Muslim-American activist Linda Sarsour speech at NYC college draws barbs from right | world-news | Hindustan Times
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Muslim-American activist Linda Sarsour speech at NYC college draws barbs from right

Linda Sarsour has been critical of Israel’s policies in the occupied territories and supports the movement to boycott, divest from and sanction the country.

world Updated: Jun 03, 2017 00:03 IST
Linda Sarsour, co-organizer of the National Women’s March and one of TIME Magazine’s 100 Most Influential People raises her fist as shes walks to the stage as the keynote speaker at the CUNY Graduate School of Public Health’s inaugural commencement ceremony June 1, 2017 at the Apollo Theatre in Harlem.
Linda Sarsour, co-organizer of the National Women’s March and one of TIME Magazine’s 100 Most Influential People raises her fist as shes walks to the stage as the keynote speaker at the CUNY Graduate School of Public Health’s inaugural commencement ceremony June 1, 2017 at the Apollo Theatre in Harlem. (AFP Photo)

A Muslim-American activist who was one of the lead organizers of the Women’s March on Washington was scheduled to speak at a college commencement ceremony in New York City on Thursday, despite protests from critics who don’t like her views on Israel.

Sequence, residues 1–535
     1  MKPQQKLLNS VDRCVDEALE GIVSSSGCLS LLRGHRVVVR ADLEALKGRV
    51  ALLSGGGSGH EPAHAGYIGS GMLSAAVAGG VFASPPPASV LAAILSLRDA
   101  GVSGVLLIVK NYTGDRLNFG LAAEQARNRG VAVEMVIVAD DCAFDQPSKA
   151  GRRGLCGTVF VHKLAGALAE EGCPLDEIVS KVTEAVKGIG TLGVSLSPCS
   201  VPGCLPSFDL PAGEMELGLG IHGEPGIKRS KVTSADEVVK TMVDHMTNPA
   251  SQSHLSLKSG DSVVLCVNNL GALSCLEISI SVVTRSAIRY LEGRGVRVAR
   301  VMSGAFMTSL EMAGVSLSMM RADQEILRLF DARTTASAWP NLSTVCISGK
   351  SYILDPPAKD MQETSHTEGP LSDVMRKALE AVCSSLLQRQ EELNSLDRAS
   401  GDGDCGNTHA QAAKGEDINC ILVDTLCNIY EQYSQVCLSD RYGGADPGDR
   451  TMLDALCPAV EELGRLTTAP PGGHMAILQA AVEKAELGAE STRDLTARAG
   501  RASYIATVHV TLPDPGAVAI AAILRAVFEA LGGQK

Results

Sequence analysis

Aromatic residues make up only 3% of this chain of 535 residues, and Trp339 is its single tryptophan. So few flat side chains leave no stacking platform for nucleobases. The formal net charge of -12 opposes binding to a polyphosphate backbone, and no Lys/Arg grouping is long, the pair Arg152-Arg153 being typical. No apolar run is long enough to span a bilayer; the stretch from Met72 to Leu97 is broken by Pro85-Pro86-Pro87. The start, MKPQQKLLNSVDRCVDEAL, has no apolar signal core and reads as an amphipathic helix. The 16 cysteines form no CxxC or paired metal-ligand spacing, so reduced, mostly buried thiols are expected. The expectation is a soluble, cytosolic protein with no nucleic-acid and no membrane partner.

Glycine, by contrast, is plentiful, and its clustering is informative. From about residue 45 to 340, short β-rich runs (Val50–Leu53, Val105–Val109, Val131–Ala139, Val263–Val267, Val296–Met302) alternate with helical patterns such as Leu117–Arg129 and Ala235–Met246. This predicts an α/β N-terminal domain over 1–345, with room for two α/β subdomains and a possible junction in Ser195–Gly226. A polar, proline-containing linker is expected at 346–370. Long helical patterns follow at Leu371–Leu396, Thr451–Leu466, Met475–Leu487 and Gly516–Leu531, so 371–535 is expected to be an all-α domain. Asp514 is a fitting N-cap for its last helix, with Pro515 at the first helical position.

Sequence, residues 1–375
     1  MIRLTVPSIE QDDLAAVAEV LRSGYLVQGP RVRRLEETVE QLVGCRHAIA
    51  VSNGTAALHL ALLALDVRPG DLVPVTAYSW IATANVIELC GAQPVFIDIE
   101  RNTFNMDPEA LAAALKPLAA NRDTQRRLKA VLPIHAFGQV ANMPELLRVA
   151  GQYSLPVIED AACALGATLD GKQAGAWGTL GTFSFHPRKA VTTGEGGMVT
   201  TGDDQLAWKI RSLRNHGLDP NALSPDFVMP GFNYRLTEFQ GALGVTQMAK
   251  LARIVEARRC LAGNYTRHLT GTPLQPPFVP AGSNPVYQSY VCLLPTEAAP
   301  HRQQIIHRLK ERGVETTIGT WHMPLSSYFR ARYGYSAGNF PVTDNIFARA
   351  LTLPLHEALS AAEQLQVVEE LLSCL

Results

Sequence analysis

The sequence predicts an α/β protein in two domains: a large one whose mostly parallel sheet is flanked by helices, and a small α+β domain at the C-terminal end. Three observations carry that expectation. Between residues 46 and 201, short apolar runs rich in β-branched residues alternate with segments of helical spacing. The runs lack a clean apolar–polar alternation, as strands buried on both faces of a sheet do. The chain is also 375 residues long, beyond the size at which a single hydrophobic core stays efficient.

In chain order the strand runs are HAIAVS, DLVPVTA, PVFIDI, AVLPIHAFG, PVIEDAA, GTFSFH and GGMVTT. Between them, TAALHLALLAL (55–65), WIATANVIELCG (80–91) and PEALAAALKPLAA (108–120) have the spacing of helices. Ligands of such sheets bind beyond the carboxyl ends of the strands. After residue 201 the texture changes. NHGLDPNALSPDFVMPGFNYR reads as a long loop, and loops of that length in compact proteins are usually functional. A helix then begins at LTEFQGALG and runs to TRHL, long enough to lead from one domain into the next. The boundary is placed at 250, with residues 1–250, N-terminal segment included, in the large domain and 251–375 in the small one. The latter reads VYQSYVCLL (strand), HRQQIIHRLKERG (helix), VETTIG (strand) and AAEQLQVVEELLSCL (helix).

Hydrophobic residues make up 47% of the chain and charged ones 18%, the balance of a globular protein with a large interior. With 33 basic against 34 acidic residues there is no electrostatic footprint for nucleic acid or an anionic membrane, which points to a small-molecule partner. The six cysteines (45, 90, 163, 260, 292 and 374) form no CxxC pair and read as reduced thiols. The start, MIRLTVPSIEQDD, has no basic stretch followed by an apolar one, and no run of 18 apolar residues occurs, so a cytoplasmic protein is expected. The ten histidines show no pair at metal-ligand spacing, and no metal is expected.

Palestinian-American civil rights activist Linda Sarsour was expected to give the keynote address at the graduation for just over 100 students at City University of New York’s Graduate School of Public Health and Health Policy. But the choice of the Brooklyn-born, hijab-wearing Sarsour as speaker has sparked opposition from pro-Israel critics, including some who have spread false internet reports claiming she supports Islamic State militants and Sharia law.

Sarsour has been critical of Israel’s policies in the occupied territories and supports the movement to boycott, divest from and sanction the country. She got her start as an activist defending the civil rights of American Muslims after Sept. 11 and in recent years, protested against police surveillance of Muslim communities. She also has put her activism toward other causes, including the Black Lives Matter movement, and was one of four national chairs for the Women’s March that led to massive turnouts in Washington D.C., and around the world.

But a higher profile has also brought out more opposition. There have been false claims that she’s a supporter of the Islamic State group, with critics sending around a photo of her with one finger up and saying it was her making a gesture in support of ISIS, when she has called it a global cancer. Other false accusations include that she supports Islamic law being put in place of the U.S. legal system, based on a sarcastic tweet from 2015 that actually was about ridiculing conspiracy theories around Muslims and the Sharia system.

Sarsour says those accusations are ludicrous. CUNY has stood behind its decision to invite her to speak.